On Friday 13 March 2015, Tropical Cyclone Pam lashed the islands of Vanuatu bringing with it destructive winds surpassing 300kph, heavy rainfall, storm surges and flooding. Large parts of the country were severely affected. Photo: Julia Loersch/Act for Peace.
On April 18, four days before the signing ceremony for the Paris Agreement on climate change adopted by UN negotiators in December 2015, a Statement from 250 religious leaders supporting this pact was handed to UN General Assembly President, Ambassador Mogens Lykketoft.
The Interfaith Climate Change Statement to world leaders supports the full and ambitious implementation of the Paris Agreement and all other decisions adopted at the 21st Conference of Parties to the United Nations Framework Convention on Climate Change (COP 21) which met in Paris in December 2015.
The Statement also reaffirms the faith community’s support for more ambitious climate action, such as the swift phase out of fossil fuel subsidies, accelerating the transition to 100 percent renewable energy, and the commitment to keeping the global temperature rise below 1.5C.
“The planet has already passed safe levels of greenhouse gases in the atmosphere,” the Statement warns. “Unless these levels are rapidly reduced, we risk creating irreversible impacts putting hundreds of millions of lives, of all species, at severe risk.”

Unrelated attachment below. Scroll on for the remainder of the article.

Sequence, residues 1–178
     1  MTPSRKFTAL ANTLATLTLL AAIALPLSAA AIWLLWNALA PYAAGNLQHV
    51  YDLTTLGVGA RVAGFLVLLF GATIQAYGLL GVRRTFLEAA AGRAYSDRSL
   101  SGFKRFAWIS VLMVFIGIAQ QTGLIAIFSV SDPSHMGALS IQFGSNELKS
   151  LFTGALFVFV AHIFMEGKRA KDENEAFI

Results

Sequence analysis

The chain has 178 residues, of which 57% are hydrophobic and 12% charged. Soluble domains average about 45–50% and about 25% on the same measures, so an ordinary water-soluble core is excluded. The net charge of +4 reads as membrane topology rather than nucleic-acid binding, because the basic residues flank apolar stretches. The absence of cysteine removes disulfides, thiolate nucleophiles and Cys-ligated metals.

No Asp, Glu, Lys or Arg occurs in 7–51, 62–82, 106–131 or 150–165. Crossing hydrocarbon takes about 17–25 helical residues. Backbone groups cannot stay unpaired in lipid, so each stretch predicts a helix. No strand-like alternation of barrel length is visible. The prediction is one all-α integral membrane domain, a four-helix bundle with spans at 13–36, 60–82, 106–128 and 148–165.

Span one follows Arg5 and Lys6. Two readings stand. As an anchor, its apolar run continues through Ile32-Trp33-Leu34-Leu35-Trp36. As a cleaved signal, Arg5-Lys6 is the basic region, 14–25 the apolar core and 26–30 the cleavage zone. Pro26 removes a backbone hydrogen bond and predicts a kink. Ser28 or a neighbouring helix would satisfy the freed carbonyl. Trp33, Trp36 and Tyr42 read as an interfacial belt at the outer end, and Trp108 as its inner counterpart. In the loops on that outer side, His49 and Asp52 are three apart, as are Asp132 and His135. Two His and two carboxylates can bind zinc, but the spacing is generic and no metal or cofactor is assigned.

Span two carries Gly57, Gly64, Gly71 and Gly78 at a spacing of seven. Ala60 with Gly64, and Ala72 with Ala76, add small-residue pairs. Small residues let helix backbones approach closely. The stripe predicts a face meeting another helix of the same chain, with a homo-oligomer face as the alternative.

Both the Statement and the 18 April event serve to renew the strong commitment of the faith community to remain active in defining humanity´s moral responsibility to care for the earth.
WACC General Secretary, Rev. Dr. Karin Achtelstetter, addressed letters to the prime ministers of both countries where WACC is incorporated, Canada and the United Kingdom, expressing support for the Statement and urging concerted and sustained action by both governments.
ACT Alliance General Secretary John Nduna said: “As a faith based alliance, we have hope. Climate change is a tremendous global challenge, but we are convinced that we can do something about it. ACT alliance has followed the UN climate talks for many years, and together with members in 140 countries, there has been a strong push for climate justice.”
“The Paris agreement should not be judged by the ink on the paper, but by the concrete results on the ground. It is time to turn words into action,” he added.
Eminent signatories include Bishop Marcelo Sánchez Sorondo, Chancellor of the Pontifical Academies of Sciences and Social Sciences of the Holy See, The Very Rev. Thabo Magkoba, Primate of the Anglican Church of Southern Africa, Archbishop Zakeos Mesrob, 84th Armenian Patriarch of Istanbul & All Turkey, Rev. Dr Olav Fykse Tveit, General Secretary, World Council of Churches, the Most Rev. Desmond Tutu and Chief Rabbi Shear Yashuv Choen.
In addition to the high level signatures, the Statement is supported by 4,639 individuals and 86 groups from around the world.